64 Parishes

Kent DesOrmeaux

In 1989, jockey Kent Desormeaux's 598 first place finishes set the record for most wins in a single season.

Kent DesOrmeaux

Among the Cajun jockeys from small Louisiana towns who rose to fame on the national horse racing circuit, Kent DesOrmeaux is among the most successful. In 1989 DesOrmeaux set the current record for the most wins in a season by a jockey with 598. His 5,521 first-place finishes include three Kentucky Derby victories and the first win by a foreign jockey in a major race in Japan.

Born in Maurice on February 27, 1970, to Harris and Brenda DesOrmeaux, Kent was introduced to horses through his involvement in 4-H clubs. Like many of his contemporaries, including his older brother Keith, he started racing quarter horses when he was sixteen and later graduated to thoroughbreds. He was aboard Godbey when he won his first career stakes race on December 1, 1986, in the Maryland City Handicap at Laurel Park Racecourse.

DesOrmeaux rode Real Quiet to the winner’s circle in the 1998 Kentucky Derby and the Preakness, missing the Triple Crown by a nose to Victory Gallop in the Belmont. He has tallied wins in major American races, including the Breeders’ Cup Turf (1993), the Breeders’ Cup Sprint (1995), the Kentucky Derby (1998, 2000, 2008), the Preakness (1998, 2008), the Breeders’ Cup Dirt Mile (2007), the Belmont Stakes (2009), and the Breeders’ Cup Ladies Classic (2010).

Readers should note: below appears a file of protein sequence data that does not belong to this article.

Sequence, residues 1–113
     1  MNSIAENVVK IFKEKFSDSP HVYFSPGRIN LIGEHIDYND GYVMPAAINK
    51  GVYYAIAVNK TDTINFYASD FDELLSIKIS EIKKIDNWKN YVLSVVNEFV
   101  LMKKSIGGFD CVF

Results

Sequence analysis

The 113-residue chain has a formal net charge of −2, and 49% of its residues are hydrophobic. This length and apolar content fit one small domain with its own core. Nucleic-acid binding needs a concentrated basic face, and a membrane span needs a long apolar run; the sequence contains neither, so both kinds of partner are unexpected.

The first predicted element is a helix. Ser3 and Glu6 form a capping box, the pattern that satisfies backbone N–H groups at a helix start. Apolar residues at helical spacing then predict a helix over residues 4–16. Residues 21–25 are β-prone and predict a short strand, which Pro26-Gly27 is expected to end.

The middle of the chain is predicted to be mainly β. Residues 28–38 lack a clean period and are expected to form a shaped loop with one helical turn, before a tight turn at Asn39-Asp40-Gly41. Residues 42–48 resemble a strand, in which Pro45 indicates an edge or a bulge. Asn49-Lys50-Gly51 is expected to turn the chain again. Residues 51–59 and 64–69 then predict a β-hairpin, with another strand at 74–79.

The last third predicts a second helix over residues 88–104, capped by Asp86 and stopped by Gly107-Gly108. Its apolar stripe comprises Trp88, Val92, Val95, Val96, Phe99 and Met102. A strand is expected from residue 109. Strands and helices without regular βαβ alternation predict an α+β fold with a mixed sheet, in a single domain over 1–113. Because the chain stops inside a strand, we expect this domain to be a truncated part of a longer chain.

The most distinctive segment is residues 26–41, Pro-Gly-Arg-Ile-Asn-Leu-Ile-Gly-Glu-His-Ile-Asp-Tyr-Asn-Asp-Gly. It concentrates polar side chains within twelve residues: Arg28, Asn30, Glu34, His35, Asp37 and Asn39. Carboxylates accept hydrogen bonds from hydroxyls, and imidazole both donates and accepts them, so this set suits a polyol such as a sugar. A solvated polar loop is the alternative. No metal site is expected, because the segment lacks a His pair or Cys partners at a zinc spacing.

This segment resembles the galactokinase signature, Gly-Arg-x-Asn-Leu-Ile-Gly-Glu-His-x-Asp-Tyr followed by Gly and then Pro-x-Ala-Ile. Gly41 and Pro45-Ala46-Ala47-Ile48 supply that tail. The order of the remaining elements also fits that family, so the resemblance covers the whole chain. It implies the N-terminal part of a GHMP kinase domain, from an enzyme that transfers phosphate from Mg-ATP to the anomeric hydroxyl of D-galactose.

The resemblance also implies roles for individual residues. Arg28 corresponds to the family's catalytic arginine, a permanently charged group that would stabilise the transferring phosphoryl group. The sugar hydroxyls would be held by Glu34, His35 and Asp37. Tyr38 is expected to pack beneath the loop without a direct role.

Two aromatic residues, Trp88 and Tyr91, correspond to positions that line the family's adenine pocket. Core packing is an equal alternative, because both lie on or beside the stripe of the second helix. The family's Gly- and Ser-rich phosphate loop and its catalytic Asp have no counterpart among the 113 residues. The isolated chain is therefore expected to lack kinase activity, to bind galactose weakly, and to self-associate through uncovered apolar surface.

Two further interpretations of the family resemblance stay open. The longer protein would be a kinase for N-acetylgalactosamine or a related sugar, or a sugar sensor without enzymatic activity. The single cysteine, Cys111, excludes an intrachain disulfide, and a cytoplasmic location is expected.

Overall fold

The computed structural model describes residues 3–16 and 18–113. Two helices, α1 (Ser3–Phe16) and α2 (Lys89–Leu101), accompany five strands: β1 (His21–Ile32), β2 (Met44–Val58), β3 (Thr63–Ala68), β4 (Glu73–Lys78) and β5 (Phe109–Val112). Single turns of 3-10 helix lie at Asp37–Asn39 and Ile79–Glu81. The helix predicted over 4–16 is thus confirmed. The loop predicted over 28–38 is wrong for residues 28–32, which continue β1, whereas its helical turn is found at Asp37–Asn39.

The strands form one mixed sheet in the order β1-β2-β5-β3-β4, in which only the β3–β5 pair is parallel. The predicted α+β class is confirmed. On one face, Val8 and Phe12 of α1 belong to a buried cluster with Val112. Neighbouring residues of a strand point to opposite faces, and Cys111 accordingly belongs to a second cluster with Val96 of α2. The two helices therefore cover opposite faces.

He has won races at more than thirty-five major events across the country and three international races—the Queen’s Plate (1998), the Woodbine Mile (1998, 2003), and the Yushun Himba/Japanese Oaks (2001).

Through the 2013 season DesOrmeaux finished in the money in 14,096 of his 28,800 starts, winning $246,209,118 in prize money.

Securing his place among racing’s elite jockeys has taken its toll on DesOrmeaux. During a race at Hollywood Park in 1992 he was thrown from his mount and trampled, suffering multiple skull fractures that resulted in permanent deafness in one ear. He has broken his wrist twice as well as his collarbone and several ribs. DesOrmeaux is plagued by a painful foot condition known as Morton’s Neuroma, and he has struggled with alcoholism, with failed Breathalyzer tests causing him to be pulled from at least three major races.

DesOrmeaux’s awards include the Eclipse Award for Outstanding Apprentice Jockey (1987), the Eclipse Award for Outstanding Jockey (1989, 1992), and the George Woolf Memorial Jockey Award (1993). He was elected to the National Museum of Racing and Hall of Fame in 2004.